Let’s All Shut Up: Six Reasons You Should Watch Paul F. Tompkins’ Political Puppet Show

Comedy Lists Paul F. Tompkins
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It’s not surprising that No, You Shut Up isn’t as well-known as other cable political comedy shows. Even if it was as righteous as The Daily Show, as incisive as Last Week Tonight With John Oliver or as downright brilliant as The Colbert Report, it’s still on a little-known news network called Fusion, which many cable companies don’t carry, and which isn’t to be confused with the little-known music network Fuse. Also it’s totally filled with puppets, so even if you did see it on TV you’d probably think it was for kids and just keep flipping the dial. (Because in this hypothetical situation you are using a television from 1983.)

This is all true but sad. Everyone should watch No, You Shut Up because it’s incredibly clever and one of the most adorable things on TV. It shouldn’t necessarily be compared to The Daily Show or John Oliver because its satire has a slightly different focus. Here are a few things that set No, You Shut Up apart from other political shows, and a few reasons you should make the effort to watch it.

1. It isn’t as angry or smug as most political comedy shows.

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No, You Shut Up is a fundamentally silly show that tends to be a little bit subtler than other political comedy programs when it tries to make an actual statement. It uses real-life events for inspiration but it’s more interested in parodying media practices and personalities than directly attacking them, highlighting the hypocrisy that courses through so much of our political dialogue. Even though almost every episode ends with puppets screaming at one another, it deflates the hostility and smugness that defines political entertainment on either side of the aisle. Occasionally these political comedy shows can grow a little too strident, but No, You Shut Up mocks self-serving pundits and close-minded activists without ever feeling angry or smug. It also never really stresses me out, whereas reminding us what we’re stressed out about before undercutting it with comedy is part of the appeal to, say, The Daily Show. Both tactics can be important and therapeutic, but sometimes I’d like to be entertained about current events without always having to get agitated first. The tone isn’t that far off from The Muppet Show, only instead of a lighthearted satire of the variety show format it’s focused on political panel shows.

2. Paul F. Tompkins

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The show’s hosted by comedian and Mr. Show veteran Paul F. Tompkins, who is, most importantly, a classy gentleman. He’s the perfect host for a show like this, a guy who at first seems intentionally (almost nostalgically) corny, but who’s actually one of the sharpest and most inventive comedians around. He’d fit in equally well at either the Algonquin Round Table or The Match Game. He’s a fine straight-man for the puppets to sound off on and gets to indulge his own absurd sense of humor in his intros and editorials, which are clever riffs on the banalities and platitudes of professional pundits. Tompkins is also a pro at looking exasperated, which happens a lot when dealing with a quarrelsome group of puppets.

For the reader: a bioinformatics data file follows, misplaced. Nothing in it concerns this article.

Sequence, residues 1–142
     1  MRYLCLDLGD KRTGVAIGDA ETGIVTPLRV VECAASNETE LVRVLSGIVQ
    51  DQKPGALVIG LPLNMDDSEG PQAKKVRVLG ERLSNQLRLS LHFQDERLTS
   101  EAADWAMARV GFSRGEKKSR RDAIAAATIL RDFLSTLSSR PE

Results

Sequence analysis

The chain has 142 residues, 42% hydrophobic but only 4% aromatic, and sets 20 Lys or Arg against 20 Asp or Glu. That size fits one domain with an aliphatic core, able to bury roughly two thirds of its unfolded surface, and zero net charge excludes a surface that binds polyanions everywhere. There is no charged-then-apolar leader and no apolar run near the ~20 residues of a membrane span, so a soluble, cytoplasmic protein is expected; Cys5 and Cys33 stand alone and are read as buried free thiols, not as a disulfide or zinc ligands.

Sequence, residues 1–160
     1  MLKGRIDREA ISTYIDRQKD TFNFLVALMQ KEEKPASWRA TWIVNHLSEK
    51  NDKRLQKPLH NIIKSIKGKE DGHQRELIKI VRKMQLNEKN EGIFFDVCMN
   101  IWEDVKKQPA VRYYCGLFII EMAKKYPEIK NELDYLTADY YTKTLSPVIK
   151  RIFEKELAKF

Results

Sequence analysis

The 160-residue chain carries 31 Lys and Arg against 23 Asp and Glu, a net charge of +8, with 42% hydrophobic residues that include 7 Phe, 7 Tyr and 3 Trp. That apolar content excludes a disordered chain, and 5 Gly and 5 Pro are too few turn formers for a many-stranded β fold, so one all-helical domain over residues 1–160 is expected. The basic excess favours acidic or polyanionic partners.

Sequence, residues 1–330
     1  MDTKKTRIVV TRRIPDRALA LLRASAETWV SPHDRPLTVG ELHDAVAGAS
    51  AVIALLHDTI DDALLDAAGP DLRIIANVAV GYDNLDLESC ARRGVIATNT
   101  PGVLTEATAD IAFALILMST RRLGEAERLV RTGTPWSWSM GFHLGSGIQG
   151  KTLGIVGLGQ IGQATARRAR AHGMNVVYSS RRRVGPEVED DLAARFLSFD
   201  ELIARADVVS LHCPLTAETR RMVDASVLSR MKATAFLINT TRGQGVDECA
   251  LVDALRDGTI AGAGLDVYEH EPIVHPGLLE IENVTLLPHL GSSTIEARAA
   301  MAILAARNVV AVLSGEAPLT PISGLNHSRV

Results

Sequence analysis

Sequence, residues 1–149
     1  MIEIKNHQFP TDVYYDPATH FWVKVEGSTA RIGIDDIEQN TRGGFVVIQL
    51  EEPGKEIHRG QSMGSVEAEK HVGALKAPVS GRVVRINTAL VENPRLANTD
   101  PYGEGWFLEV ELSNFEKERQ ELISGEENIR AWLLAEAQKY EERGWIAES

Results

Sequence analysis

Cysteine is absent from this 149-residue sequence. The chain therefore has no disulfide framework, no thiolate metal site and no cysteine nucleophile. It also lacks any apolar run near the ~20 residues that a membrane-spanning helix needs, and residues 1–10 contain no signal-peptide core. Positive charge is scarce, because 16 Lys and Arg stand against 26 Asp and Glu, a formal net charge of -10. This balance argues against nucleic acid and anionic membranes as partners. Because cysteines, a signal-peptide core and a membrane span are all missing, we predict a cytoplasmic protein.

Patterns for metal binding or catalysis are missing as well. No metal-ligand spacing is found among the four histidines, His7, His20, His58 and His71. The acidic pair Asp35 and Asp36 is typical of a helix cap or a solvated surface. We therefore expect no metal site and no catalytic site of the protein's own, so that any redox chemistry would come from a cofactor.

3. Speaking of which: the puppets.

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The puppets are an obvious sign that No, You Shut Up isn’t going to take its political commentary all that seriously. It has a deep roster of strange and hilarious creatures that parody viewpoints across the entire political spectrum, from a Christian fundamentalist squirrel to a libertarian Bigfoot, and they’re all brought to life masterfully by The Jim Henson Company’s puppeteers. At this point cable news is pretty much defined by people straight-facedly espousing the most unbelievable and hateful opinions, and the sheer ridiculousness of those arguments is only underlined when you have an adorable puppet repeating them almost verbatim.

4. How it incorporates its celebrity guests.

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Like The Daily Show and The Colbert Report, No, You Shut Up regularly features celebrity guests. Instead of fawning over them like Jon Stewart sometimes does, or engaging them on actual issues in a ridiculous manner like Colbert, Tompkins seats his guests alongside the puppets and basically squeezes them out of the conversation. In the current season the guests are “forced” at the last second to play random games with barely explained rules, largely preventing them from actually taking part in any discussion. Instead of spending minutes to dance around a blatant promo for their new work, comedians like Ron Funches and Brian Posehn are awkwardly turned into willing buffoons in a recurring joke that also mocks shows that rope celebrities into poorly planned bits.

5. It seems to be on all the time.

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This may not be a positive, but if you like to binge watch shows, Fusion makes it easy for you by scheduling No, You Shut Up like almost every day. New episodes air on Thursday nights at 10:30 ET, but if you set your DVR up to record all showings, you’ll wind up with four or five episodes a week. Episodes were only about twelve minutes long during the first two seasons, like an Adult Swim show, and Fusion reruns them constantly in half-hour blocks. So if you’re catching up you’ll have episodes to watch almost every day.

6. Because the Jesse Helms / Strom Thurmond turtle puppet is maybe the cutest thing on TV.

Just look at that guy. He almost turns reactionary politics rooted in fear and hatred into something adorable.

Garrett Martin edits Paste’s games and comedy sections. Twitter at him.

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